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Old 01-19-2015, 03:01 PM   #15
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1981 27' Excella II
mays landing , South Jersey
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Originally Posted by tyggeln View Post
Having also a CDL, I have found that many of the skills I learned transferred well to towing.

1) Use your side mirrors on every turn day or night to get an idea of where your wheels are going.
2) Only turn left from the rightmost left turn lane if there is a choice.
2) Keep your windows and side mirrors clean.
3) Keep your dashboard lighting down to minimum - this will help you to see down the sides of the rig under low light
4) If backing up, you can use your brake lights to illuminate what's behind. Better yet, get a spotter if its tight.
5) Take your time.
The only thing I would add is to kill the headlights and take some time for your eyes to acclimate to the environment. Sal

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Old 01-19-2015, 03:20 PM   #16
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2012 28' Flying Cloud
Avila Beach , California
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The only thing I would add, which I learned the hard way, is if you are using a Husky WD system with a larger AS in which the frame hangs down below the coupling. Hard turns put the ball plate up against the frame and then bend the ball forward. When this first happened to me I called Husky and they described the mechanism. They sent me a new plate but had to pay for install and because we couldn't get the ball off with a bent plate had to buy a new ball. The fix is for AS to remove the portion of frame that hangs below the coupling on large trailers, interestingly small trailers do not have this problem because the frame is smaller. Since the coupling is welded well back doing this will not weaken the frame. I plan to do it on my 28ft FC as soon as possible.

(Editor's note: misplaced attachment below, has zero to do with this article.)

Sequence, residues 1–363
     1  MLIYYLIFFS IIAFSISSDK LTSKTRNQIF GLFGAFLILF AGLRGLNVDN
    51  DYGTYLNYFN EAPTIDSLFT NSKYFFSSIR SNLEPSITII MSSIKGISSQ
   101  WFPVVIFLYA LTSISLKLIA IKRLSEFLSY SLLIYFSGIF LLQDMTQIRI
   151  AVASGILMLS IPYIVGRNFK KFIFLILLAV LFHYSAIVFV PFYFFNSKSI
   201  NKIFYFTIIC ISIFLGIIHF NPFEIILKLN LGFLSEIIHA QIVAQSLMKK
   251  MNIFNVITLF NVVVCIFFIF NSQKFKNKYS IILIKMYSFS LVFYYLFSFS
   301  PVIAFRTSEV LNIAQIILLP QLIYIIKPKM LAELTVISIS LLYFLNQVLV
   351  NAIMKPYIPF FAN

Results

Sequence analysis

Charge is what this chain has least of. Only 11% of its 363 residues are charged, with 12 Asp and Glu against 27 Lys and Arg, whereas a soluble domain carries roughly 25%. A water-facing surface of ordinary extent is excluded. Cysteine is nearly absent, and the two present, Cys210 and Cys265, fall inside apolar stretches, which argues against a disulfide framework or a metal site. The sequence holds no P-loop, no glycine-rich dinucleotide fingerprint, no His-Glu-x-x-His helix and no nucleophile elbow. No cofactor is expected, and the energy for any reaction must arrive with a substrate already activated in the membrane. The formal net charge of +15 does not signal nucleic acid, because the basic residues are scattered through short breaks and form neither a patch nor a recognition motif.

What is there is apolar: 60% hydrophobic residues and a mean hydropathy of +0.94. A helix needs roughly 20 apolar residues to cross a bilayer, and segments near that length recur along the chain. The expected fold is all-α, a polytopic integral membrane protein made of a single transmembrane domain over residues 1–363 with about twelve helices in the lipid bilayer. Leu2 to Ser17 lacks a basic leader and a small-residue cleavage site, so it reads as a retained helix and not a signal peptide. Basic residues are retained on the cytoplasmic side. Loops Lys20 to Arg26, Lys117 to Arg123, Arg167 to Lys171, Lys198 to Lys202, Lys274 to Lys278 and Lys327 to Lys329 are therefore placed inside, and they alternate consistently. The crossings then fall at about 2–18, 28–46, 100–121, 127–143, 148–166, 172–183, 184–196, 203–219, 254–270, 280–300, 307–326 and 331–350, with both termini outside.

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Old 01-19-2015, 03:29 PM   #17
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RG why not get a WD system that won't require you to cut the frame?
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Old 01-19-2015, 03:30 PM   #18
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You might be able to wire in a switch that you could use to turn on your backup lights while moving forward.Not alot of light but might be some help and easy to do.